Education International, Vol. 1, No. 1, 21-22, Published in August
Bronze Medal for Switzerland at the Chemistry Olympiad 1999
1, 1162 Saint-Prex , Switzerland
to Daniel Torricelli, 16 years old, from Kloten, Switzerland
has won a bronze medal at the 3 1 It International Chemistry Olympiad
in Bangkok, Thailand. This year, 201 students from 5 1 countries
were competing for gold, silver, and bronze medals from July 4-12,
1999. The competitors had two days of hard work: one day (5 h) for
practical work, and another day (5 h) for solving theoretical problems.
After correction and arbitration, the best 10% got gold medals,
20% got silver, and 30% bronze. It seems to the reviewer that the
level of difficulty gets higher every year. In 1999, it was about
corresponding to a second-year universitv course. The olympie problems
are reported in the annex for the benefit of the interested reader.
a rule, all participating nations must first select their best four
students by any suitable method. The candidates must not yet be
registered at a university, and they have to be under the age of
20 at the beginning of the olympiad. In Switzerland, the first two
training weekends took place at the universities of NeuchAtel and
Fribour in winter 1999. The national selection was made at the end
of the preparation week at Easter time in the Gymnase de Chamblandes,
Pully-Lausanne. Then, on the last weekend in June, the four selected
candidates had a last training session with microscale equipment.
Swiss team was made of the following students:
Aurele Aubert, Gymnase de Cham blandes, Pully, born 23.2.1981
- Jean Garnier, Gymnase de la Cite Lausanne, born 2.7.1981
-Stefan Malar Kantonsschule Romans horn born 27.2.1980
- Daniel Torricelli, Kantonsschule Oer likon, born 25.9.1982
two accompanying teachers were: Maurice Cosandey, Gymnase
de Chamblandes (VD), and Thomas Engeloch, Gymnasium Munchenstein
(BL). As every year, the travel costs were kindly offered for the
teachers by the Bundesamt fur Bildung und Wissenschaft, and for
the students by the Swiss Academy of Sciences whose sponsorship
is gratefully acknowledged.
may be worth mentioning that a Swiss boy won a gold medal at this
year's Olympiad: Hans Jakob Worner from Bremgarten (AG).
But as he is studying in Freiburg in Breisgau, he was not allowed
to compete with the Swiss team: he was a member of the German delegation.
principle, 53 countries should have participated in this year's
Olympiad, plus three observers: Croatia, Turkmenistan, and Uzbekistan.
But on the very last minute, two delegations (Azerbaidjan and Kyrgyzstan)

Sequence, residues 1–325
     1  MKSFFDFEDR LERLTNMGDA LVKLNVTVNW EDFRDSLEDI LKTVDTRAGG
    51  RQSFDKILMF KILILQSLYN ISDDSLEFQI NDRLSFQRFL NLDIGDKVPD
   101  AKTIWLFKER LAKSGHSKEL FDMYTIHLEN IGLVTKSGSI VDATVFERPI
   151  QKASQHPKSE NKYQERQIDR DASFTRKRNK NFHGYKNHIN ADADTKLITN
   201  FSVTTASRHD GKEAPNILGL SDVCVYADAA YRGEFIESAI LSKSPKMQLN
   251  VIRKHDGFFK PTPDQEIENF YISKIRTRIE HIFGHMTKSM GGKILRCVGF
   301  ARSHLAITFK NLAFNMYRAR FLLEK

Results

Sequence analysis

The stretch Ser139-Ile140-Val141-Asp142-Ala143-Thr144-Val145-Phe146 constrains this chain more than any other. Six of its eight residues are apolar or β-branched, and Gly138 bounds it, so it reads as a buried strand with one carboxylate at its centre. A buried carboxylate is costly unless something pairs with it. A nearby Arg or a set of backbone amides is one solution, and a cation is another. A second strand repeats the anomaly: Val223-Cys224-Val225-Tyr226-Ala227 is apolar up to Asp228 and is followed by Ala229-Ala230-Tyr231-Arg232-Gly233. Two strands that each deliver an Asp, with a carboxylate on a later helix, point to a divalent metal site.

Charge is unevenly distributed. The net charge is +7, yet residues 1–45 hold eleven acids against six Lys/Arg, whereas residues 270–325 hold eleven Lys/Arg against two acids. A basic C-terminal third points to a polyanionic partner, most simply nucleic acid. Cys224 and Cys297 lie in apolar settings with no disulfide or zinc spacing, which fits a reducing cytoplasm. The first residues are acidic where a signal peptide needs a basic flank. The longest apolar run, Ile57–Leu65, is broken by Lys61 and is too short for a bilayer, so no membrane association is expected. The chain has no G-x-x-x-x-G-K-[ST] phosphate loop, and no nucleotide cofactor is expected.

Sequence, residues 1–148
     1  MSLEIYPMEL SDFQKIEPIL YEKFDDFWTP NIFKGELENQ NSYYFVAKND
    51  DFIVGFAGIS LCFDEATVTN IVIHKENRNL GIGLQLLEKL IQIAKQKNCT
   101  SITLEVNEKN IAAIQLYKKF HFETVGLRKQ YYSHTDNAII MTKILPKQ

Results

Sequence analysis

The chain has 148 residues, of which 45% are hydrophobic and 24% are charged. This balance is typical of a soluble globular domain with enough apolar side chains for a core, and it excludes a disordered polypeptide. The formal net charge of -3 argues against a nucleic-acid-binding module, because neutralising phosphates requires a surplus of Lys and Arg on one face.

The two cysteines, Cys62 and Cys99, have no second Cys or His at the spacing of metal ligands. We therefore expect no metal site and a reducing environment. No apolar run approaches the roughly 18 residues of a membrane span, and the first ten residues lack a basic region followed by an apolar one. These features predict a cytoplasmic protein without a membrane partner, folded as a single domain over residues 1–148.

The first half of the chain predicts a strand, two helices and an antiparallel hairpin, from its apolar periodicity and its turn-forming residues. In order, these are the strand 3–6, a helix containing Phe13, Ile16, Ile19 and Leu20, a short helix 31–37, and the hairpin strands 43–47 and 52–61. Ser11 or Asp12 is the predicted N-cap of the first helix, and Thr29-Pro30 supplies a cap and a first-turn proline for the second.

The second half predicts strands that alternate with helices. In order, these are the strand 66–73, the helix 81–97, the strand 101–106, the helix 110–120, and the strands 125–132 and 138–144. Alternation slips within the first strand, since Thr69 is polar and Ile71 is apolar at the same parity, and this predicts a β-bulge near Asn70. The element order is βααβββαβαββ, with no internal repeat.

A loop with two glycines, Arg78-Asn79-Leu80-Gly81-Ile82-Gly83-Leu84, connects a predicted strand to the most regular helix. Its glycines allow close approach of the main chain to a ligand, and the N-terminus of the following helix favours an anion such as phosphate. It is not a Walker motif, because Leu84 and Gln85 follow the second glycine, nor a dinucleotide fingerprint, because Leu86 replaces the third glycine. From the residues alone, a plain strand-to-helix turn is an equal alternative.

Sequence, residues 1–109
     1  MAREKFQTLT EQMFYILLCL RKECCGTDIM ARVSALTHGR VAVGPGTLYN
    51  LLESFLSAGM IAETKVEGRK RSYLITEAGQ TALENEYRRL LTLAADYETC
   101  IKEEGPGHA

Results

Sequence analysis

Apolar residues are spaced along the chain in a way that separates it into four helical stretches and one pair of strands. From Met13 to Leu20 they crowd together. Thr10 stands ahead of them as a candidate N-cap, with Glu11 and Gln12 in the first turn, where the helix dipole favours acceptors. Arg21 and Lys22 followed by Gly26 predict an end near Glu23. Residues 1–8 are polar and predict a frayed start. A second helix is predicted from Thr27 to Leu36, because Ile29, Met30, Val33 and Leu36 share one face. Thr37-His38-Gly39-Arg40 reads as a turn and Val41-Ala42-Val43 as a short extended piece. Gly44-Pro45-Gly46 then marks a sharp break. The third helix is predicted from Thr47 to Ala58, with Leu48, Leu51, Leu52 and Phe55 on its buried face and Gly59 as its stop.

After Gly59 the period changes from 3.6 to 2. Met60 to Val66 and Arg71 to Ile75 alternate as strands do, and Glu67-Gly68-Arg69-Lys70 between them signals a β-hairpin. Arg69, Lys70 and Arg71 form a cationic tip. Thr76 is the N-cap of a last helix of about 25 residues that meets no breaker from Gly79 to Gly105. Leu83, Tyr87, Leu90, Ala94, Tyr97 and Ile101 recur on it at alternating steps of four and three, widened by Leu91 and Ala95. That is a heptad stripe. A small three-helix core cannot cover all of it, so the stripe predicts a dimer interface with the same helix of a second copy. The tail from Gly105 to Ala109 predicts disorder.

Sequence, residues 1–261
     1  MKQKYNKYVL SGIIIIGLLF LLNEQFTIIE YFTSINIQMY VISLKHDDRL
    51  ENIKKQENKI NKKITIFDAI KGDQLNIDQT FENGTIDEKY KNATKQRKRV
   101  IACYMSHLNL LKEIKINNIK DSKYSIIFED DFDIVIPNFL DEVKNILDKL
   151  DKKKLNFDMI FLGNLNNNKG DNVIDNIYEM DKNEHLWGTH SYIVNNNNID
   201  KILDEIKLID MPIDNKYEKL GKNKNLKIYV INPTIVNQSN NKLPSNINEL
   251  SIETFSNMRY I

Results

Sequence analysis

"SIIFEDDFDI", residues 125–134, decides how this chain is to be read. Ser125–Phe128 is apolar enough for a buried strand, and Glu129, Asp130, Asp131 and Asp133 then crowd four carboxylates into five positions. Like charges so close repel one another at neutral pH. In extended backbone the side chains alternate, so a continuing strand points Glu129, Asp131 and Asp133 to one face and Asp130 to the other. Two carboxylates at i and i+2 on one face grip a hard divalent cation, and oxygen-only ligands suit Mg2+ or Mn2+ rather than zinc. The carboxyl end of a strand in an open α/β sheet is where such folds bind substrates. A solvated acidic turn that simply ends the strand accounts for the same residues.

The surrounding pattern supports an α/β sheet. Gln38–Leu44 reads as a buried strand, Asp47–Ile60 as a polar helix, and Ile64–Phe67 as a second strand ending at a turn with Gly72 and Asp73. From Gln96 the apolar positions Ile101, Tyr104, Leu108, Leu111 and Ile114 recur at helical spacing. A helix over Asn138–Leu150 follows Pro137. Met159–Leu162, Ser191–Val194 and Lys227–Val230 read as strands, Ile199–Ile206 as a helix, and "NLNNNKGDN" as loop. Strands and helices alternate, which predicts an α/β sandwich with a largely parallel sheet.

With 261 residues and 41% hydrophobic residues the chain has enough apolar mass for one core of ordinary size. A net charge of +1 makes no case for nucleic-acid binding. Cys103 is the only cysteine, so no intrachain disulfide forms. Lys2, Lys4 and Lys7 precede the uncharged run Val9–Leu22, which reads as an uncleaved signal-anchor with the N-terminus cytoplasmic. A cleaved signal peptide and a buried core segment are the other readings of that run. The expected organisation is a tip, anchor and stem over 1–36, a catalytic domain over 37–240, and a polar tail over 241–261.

were held back at Moscow Airport due to overbooking problems, and,
unfortunately, had not been able to rejoin later on. Thus, there
were only 51 participating delegations, all with 4 students, except
Cuba which had only one candidate.
best result was achieved by Timothy Jones from the USA, the
second best by Mario Tagliazucchi from
Argentina. The best nations were Korea, Iran, and the USA, with
three gold medals each, followed by China, Chinese Taipei, Hungary,
and Romania, with two gold medals each. On the other end of the
list, seven countries did not get any medals: Brazil, Czechia, Indonesia,
Kuwait, Norway, Spain, and Uruguay.
has made a special effort to host this Olympiad. The laboratories
and glassware (burettes, pipettes, beakers) were brand-new. Each
student had a special microscale kit for organic operations with
22 items worth more than $100 (Fig.).
participants were wonderfully welcomed and hosted like kings in
luxury hotels. We were welcomed with enthusiasm by a charming young
lady, H.R.H. Princess Chulabhorn of Thailand, who chaired
the Opening and the Closing Cer emonies.
Four banquets were organized in honour of the Chemistry Olympiad
with magnificent decorations, not to mention the brilliant folk
dances and other shows. And all the time, young Thai guides were
available anywhere and at any time despite huge traffic problems
in Bangkok and an exhausting outside temperature of about 35'. Thailand
deserves its reputation as the Land of Smile.
from the competition itself, the participants had the opportunity
to visit Buddhist temples, golden palaces, and recreation parks
in Bangkok and Ayutyat, the former capital. It was a glorious week,
with only one shadow: nearly half of the participants fell ill probably
due to some food problems. But they all recovered the following
next Olympiads will take place in Copenhagen in July 2000, then
in Prague 2001,
Netherland 2002, and Greece 2003. The year 2004 has been reserved
for Switzerland many years ago. But if no official invitation is
written from Switzerland before June 2000, the Olympiad 2004 will
be organized in Turkey. Taiwan has already announced that they will
host it in 2005, and Korea in 2006. Lithuania and England may do
it in 2007 and 2008. So it looks as if 2004 is a now-or-never event
if Switzerland refuses to host the Olympiad in 2004, the participation
fee will soon become prohibitive. The amount can be obtained by
multiplying $100 by the number of years elapsed since last hosting
an Olympiad. As Switzerland has participated to all Olympiads since
1987 without hosting any, we would have to pay $1300 in 2000, $1700
in 2004, and so on.
from Chimia 53 (1999) 451-455)